While the housing market in the Snoqualmie Valley has cooled off significantly since a record-breaking start to 2022, homes in the Valley are still regularly selling around $1 million — a trend that’s likely here to stay.
Data released from the Northwest Multiple Listing Service earlier this month shows that while median single-family home sales in the Valley’s subregion — which includes Snoqualmie, North Bend, Fall City, Sammamish and a portion of Issaquah — are the lowest they’ve been all year, they were still selling for over $1.3 million.
That high price comes even as new results show a more than 300% increase in available listings this August and a 100% increase in July, compared to numbers during the same months last year.
Despite the added inventory, the number of pending and final home sales were down around 30% in both July and August compared to this time last year.
“Inventory has been increasing, but buyers have been put back on their heels by a rise in interest rates that has dramatically impacted affordability,” said Jonathan Pearlstein, a real estate advisor and owner of Engel and Volkers Snoqualmie Valley.
Pearlstein said he expects to see a continued increase in inventory, but thinks buyers will continue to face challenges from rising interest rates, alongside high inflation and an uncertain U.S. economy and stock market. However, he said, buyers that do push ahead will see a greater opportunity to find the right property and negotiate better terms and sale contingency requirements.
Pearlstein emphasized that he does not see a 2008-like collapse forthcoming. He said that demand in the Valley is going to continue to remain strong because of the influx of tech jobs coming into the Puget Sound region, alongside a high performing school district and unparalleled access to nature and recreation.
“The Snoqualmie Valley, I believe, is one of the most desirable locations in the Seattle metropolitan area,” he said. “I expect we are for now — and time to come — a million-dollar community.”
The price drop and rise in inventory comes after a hectic first half of 2022 that was marked by record-breaking housing prices and low inventory. During that span, median housing prices in the Valley’s subregion spent five months above $1.4 million, including three months above $1.6 million.
Not only were those prices high during that five-month span, but they were significantly higher than prices just a year prior. On average, homes during that span sold at prices 32% higher than during the same time period in 2021. That includes prices in February that saw almost a 60% increase from 2021.
Since the summer began, prices have stabilized and are approaching similar marks set during this time last year, with prices up less than a percent in July and just 4.5% in August.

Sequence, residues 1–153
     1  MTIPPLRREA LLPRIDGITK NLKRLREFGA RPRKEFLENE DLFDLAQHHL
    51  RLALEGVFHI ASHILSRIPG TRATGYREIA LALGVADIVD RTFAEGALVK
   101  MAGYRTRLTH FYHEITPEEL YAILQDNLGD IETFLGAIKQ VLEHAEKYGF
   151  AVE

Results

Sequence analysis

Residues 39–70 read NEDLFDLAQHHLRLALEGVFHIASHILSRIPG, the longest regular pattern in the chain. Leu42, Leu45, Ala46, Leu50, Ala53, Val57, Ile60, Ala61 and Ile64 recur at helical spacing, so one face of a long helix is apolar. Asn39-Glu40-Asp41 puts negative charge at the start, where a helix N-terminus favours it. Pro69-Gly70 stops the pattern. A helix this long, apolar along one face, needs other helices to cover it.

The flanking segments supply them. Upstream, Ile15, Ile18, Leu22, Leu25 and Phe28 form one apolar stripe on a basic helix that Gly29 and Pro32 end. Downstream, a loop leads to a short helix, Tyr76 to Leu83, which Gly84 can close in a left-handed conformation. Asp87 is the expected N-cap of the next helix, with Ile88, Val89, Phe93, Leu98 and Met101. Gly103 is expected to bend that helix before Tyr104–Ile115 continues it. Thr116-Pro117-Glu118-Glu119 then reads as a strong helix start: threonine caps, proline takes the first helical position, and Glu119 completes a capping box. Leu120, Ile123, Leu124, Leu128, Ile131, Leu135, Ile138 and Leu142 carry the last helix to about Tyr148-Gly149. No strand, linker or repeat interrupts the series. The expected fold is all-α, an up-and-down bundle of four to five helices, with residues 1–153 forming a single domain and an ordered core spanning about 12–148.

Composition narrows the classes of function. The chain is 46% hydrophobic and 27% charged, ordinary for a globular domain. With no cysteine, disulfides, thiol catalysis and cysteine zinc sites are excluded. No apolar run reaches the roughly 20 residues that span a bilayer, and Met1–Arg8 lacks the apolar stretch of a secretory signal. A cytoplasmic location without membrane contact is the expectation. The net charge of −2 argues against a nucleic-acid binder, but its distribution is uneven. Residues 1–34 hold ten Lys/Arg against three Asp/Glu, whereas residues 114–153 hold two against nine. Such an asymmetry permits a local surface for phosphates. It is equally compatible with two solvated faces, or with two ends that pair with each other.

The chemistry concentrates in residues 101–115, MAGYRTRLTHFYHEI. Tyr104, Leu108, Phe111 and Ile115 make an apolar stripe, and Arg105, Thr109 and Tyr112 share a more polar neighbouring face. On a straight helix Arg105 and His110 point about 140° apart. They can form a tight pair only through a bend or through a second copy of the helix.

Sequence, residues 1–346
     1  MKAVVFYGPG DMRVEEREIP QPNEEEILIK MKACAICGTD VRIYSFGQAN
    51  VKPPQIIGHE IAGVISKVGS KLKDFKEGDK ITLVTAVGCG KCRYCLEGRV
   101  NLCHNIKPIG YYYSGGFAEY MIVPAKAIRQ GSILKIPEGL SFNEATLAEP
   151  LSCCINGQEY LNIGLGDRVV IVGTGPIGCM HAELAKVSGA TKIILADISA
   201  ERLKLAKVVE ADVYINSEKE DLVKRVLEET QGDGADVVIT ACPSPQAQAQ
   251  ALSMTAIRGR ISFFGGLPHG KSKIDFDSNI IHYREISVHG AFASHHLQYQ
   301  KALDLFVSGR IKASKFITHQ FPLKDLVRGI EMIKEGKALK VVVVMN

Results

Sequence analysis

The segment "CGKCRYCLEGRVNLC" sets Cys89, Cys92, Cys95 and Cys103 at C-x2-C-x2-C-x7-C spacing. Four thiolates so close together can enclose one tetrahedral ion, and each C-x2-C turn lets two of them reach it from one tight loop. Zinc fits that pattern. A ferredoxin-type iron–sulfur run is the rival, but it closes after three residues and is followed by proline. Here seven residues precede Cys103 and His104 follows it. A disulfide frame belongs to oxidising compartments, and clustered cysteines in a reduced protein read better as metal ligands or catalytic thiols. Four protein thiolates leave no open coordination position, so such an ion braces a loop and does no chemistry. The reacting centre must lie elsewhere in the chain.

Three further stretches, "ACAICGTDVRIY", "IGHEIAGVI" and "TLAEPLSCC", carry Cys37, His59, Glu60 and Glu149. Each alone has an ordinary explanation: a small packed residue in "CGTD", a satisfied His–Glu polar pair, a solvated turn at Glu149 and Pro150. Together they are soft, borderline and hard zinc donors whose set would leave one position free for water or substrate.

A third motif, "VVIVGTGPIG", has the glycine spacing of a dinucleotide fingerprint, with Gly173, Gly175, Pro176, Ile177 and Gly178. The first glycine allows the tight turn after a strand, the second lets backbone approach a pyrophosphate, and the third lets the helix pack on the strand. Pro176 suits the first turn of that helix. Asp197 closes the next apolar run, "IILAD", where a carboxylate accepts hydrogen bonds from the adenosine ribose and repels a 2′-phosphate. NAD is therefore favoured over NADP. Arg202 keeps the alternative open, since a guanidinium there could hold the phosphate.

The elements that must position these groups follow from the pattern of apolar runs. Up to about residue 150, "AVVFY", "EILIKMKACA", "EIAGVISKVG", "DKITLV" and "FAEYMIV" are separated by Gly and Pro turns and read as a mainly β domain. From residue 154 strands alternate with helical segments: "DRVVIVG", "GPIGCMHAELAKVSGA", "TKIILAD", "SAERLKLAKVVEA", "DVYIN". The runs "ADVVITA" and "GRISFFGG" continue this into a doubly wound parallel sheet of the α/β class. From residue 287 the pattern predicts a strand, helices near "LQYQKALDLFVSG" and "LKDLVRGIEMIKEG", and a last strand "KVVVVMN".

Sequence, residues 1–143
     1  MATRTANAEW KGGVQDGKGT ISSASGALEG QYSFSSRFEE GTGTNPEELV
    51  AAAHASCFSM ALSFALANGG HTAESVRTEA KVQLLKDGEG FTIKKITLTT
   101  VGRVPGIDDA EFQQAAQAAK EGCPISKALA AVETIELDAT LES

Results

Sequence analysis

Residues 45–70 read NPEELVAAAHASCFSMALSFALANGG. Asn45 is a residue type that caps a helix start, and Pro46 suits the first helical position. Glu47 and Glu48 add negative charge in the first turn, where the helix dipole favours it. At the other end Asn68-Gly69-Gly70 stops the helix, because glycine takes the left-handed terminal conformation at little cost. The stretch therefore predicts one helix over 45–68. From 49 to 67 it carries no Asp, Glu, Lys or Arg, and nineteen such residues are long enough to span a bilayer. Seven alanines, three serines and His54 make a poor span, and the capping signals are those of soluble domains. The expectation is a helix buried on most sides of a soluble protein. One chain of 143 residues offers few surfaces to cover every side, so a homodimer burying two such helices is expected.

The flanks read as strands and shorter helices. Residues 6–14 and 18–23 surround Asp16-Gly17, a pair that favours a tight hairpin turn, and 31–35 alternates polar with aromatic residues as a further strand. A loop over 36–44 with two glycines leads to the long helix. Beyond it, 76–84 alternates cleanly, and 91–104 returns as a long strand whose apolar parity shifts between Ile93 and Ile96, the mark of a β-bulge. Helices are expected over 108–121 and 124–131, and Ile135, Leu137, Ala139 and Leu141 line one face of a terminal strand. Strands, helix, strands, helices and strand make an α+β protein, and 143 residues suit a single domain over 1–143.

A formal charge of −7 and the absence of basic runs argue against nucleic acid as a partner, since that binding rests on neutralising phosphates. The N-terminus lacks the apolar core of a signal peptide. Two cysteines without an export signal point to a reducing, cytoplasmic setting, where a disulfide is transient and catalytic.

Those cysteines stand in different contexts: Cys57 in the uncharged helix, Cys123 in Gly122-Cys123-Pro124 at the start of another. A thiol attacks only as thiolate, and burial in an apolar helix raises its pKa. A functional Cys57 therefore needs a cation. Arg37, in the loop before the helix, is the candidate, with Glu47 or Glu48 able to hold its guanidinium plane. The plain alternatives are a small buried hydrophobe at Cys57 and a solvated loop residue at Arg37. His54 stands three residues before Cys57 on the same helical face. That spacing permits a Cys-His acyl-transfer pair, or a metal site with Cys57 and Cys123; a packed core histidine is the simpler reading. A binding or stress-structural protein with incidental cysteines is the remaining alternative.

Brian Davis, owner of Snoqualmie Valley Real Estate, said the slowdown is in part the natural evolution of the market and in part that the beginning half of 2022 was unsustainable.
“There was such a fervor and so much activity that you just can’t sustain that,” he said. “It’s part of the natural slowdown we see every year, and it was just so intense through the COVID years that it just had to come down.”
Davis said interest rates have climbed higher than they were in 2008, slowing potential buyers’ interest. However, he said, properties that are unique or special are still being sold regularly. He expects a slight rise in activity over the next few months.
“The fourth quarter in the Valley usually sees a slight bump in activity from buyers from the third quarter,” he said. “It’s going to jump up just a touch and settle for the holidays.
“Who’s to know what happens on the first of the year, but I imagine it will be a similar rhythm where that early spring market will be intense again,” he said.
Alicia Messa, owner of the Messa Real Estate Group in Snoqualmie, said the market is in a weird adjustment period, where it is trying to figure out what the new normal looks like in the wake of the pandemic.
“You have this really bizarre market right now, where it’s hard to even know what a home is worth,” she said. “We’re stabilizing from a market that was so incredibly insane. I’ve never seen a market like that, ever.”
Messa said some sellers are still trying to get what homes were worth 4 to 5 months ago while others have dropped prices. Buyers, she said, are waiting to see if the market is going to drop further.
Messa said she would be surprised if things got much better for buyers, and noted that home prices will probably hover around the $1 million mark.
“I’m blown away by some of these homes. They used to be first-time buyer homes and now they’re a million,” she said. “I would be surprised if we go much lower, but we’re probably going to start seeing prices go up at a moderate appreciation.”